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I often ponder this question. Given I’m a writer it seems particularly pertinent to me. But I wonder about it in a general sense too. I often worry about if there is a finite element to it – once you’ve used up your quota of inspiration, will that be it? Or is it an endless thing – that like the plant in Little Shop of Horrors, that if you feed it your blood, sweat and tears, it will grow.

Sometimes it does feel rather monstrous – something that takes hold of me and won’t let me sleep or properly concentrate on other things with any sense of satisfaction until I’ve given it free reign and let it out to run around wildly for a while, spilling words out onto the page. I often look at those words later on and think to myself – ‘Wow! Did I write that?’ I often can’t really remember writing those words. Which is fine, because most of it is rubbish and it’s good to blame that on some out of head experience, but some of those words are pretty bloody good.

So, who is responsible for those words?

Is it me? Or is it my Muse? Is it something essential inside me – part of my character that will always be there, ready to tap into whenever I want to? Or is it something on loan from some greater being and could be taken away from me at any time? How do I cope with the answer being ‘yes’ to either question? How do others cope? When they have success, do they too wonder if it’s just an ephemeral dream, a one off thing, or if there is longevity to it; something that I can repeat again and again, get better and better at and add to that original dream of success (having a published novel) and turn it into multiple successes?

Is this my own version of a psychotic break, worrying and wondering about all this stuff?

I’m glad to say that it isn’t. I’m not alone in these thoughts. And if you’ve had them, you’re not alone either.

My lovely sister-in-law, Alice, sent me a link to a TED talk with Elizabeth Gilbert, author of Eat, Pray, Love. I have never actually read this novel (I know, many of you will be thinking this is impossible for a lover of romantic fiction, but I like my romance more fantastical than realistic – the reason why I mostly read paranormal, fantasy and historical romance with some romantic suspense thrown in.) But, despite the fact I have never read her hugely popular novel, I really enjoyed her talk. I really related to what she had to say and I think, if you are someone who creates anything (which most of us are), then you will perhaps relate to it too.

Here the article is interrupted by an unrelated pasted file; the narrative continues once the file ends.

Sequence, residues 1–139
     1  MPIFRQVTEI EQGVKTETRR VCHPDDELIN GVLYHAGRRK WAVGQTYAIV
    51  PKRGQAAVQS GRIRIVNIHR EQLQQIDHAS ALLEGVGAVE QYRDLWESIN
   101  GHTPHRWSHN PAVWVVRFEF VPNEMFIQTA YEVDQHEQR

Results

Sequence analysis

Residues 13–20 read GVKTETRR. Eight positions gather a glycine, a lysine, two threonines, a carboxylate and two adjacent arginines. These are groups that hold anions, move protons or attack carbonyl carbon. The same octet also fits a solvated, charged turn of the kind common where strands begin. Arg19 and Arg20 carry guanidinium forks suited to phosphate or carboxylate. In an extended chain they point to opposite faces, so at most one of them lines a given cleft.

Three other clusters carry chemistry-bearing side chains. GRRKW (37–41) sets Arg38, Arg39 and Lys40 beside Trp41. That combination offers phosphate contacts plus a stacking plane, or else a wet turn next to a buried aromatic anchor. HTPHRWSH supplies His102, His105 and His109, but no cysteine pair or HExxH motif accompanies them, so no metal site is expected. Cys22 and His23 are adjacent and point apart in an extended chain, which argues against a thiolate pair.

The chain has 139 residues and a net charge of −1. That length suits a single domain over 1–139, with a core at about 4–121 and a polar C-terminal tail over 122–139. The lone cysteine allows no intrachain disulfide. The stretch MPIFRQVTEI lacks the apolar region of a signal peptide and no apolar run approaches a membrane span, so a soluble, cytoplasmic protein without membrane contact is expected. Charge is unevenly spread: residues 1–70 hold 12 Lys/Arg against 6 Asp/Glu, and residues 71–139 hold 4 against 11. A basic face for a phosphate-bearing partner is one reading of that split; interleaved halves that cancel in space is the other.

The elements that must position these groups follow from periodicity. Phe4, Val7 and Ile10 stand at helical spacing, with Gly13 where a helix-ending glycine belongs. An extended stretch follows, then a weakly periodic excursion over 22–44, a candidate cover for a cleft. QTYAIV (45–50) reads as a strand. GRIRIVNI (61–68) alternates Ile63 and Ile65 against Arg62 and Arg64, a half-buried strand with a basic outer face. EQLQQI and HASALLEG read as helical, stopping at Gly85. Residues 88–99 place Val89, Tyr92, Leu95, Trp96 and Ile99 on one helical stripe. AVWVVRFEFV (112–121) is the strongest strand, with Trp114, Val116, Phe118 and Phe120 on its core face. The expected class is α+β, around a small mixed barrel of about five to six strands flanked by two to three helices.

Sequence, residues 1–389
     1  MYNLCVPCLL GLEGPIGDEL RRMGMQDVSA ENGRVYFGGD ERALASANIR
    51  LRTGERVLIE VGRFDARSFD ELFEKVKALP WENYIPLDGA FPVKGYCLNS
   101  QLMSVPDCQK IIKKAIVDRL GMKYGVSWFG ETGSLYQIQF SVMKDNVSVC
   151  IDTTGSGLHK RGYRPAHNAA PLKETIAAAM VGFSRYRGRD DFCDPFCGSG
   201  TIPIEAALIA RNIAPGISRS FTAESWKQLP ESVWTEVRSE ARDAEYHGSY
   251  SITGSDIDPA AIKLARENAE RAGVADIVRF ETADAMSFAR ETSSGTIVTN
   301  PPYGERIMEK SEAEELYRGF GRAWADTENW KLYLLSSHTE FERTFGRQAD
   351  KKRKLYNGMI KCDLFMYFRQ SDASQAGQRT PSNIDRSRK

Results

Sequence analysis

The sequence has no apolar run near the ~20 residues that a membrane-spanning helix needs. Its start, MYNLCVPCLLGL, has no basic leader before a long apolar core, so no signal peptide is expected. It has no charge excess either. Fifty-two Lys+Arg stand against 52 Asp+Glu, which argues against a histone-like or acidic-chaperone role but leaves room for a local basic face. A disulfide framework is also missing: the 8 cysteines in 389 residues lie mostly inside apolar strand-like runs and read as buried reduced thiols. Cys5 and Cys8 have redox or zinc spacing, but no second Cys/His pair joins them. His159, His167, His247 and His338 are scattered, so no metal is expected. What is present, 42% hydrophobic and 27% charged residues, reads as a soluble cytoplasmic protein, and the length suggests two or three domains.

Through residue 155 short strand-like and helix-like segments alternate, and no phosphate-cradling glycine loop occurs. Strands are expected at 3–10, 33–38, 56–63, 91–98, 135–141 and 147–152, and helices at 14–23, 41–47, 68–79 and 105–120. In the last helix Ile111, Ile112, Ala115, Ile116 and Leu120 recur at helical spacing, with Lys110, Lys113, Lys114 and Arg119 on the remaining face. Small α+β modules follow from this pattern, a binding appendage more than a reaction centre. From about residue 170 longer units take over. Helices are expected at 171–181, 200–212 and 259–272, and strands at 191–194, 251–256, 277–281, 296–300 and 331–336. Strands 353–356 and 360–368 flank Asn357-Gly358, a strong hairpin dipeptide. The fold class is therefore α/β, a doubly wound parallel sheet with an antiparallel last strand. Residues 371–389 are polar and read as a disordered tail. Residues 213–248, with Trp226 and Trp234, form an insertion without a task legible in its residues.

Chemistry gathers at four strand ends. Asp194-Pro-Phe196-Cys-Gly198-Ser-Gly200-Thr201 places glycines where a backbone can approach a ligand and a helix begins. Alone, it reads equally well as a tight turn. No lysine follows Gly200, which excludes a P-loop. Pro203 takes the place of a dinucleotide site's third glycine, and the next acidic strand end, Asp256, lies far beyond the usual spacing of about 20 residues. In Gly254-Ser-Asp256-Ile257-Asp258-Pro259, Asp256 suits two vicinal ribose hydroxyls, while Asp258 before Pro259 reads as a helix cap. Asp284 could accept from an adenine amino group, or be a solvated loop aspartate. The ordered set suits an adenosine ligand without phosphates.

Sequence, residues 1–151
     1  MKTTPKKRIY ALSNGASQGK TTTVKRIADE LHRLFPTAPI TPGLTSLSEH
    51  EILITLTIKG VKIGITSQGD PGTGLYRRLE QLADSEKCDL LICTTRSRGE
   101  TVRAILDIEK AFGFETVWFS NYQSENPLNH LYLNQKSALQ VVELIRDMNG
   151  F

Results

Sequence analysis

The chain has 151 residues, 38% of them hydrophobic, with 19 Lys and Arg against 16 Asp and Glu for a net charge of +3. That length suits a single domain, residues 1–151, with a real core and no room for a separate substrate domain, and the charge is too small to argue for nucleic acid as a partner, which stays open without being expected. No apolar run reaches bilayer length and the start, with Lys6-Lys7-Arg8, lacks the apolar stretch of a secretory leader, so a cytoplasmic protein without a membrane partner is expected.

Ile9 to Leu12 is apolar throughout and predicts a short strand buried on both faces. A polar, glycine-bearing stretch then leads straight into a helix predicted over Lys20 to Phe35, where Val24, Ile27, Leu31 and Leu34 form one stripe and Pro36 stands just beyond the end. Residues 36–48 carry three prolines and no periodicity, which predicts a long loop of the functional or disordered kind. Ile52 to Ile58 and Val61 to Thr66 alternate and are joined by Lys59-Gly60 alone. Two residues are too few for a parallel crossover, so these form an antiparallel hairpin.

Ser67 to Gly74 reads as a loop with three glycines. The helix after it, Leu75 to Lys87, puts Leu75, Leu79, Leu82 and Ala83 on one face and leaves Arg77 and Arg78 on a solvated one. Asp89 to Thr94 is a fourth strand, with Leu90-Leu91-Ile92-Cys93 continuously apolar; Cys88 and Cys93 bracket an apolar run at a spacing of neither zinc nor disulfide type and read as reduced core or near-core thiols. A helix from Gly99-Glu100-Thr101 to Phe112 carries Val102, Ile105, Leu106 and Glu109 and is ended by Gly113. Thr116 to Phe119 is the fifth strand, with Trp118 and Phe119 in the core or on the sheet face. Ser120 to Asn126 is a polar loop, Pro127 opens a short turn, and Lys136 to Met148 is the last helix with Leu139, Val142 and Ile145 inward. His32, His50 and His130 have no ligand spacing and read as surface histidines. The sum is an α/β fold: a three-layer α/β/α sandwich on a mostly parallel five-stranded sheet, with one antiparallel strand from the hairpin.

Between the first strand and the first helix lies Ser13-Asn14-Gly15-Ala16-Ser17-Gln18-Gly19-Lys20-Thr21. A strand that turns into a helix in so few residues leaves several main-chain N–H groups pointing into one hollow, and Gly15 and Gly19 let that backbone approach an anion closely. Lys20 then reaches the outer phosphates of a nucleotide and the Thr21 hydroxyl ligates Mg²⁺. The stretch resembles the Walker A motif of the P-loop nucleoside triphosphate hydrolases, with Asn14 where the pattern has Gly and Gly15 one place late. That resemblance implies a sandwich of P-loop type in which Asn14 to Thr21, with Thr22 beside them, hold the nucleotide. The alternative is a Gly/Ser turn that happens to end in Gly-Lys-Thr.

So, like Alice shared it with me, I am now sharing it with you. Enjoy.

http://www.youtube.com/watch?v=86x-u-tz0MA&app=desktop

3 Responses to “Inspiration – where does it come from?”

  • Liz:

    Thanks for the link. I’ll have to check it out – but eat, pray, love isn’t a novel it’s memoir – even more reason for you not to have read it, I reckon. 🙂

    • It was an interesting talk. I actually thought it was a memoir too, but she talks about it like it is a novel and I also had a little flash of memory in the back of my head that I’d heard something about the fact that it wasn’t a memoir – although she wrote it like it was one – but that it was something she made up based a little bit on fact. But, I could be completely wrong about that – so don’t quote me. The brain is pretty tired at the moment. But yes, you are right, memoirs are not my ‘go to’ in my TBR pile. Although, I have read a few I’ve enjoyed – so I don’t completely count anything out!

  • I’d seen that TED talk some time ago, and also thought it was very good.

    A growing observation in the IT/software/tech start-up circles is that ideas are cheap, it is implementation that brings value. There are so many “entrepreneurs” who think they’ve got the idea for the “next big thing” that is going to a) change the world, b) make them über-rich, etc., etc., and that they’ve now done the important, hard part, the rest of it (also known as succeeding) is just details. But the execution* of the idea is the make or break of success.

    (This is one reason why a lot of people are refusing to sign non-disclosure agreements for pitch meetings and the like these days.)

    (* and by execution, sometimes I mean the process of building and creating, and sometimes I mean the realisation you need to take it down the back paddock and shoot it to put it out of its misery.)

    Having the idea is the easy part, running with it and succeeding is trickier.

    I think the inspiration as you and Ms. Gilbert talk about goes beyond just having the idea (“Hey, I’ve got this great idea for a book, it involves sharks with frikkin’ lasers!”), but encompasses far more of the creative process of giving life and breath to the idea, working it and working it to fruition, getting those little inspirations along the way that shape things and gets you out of dead-ends (“Go and grab Evan’s runaway best seller, Jaws 2025!”).

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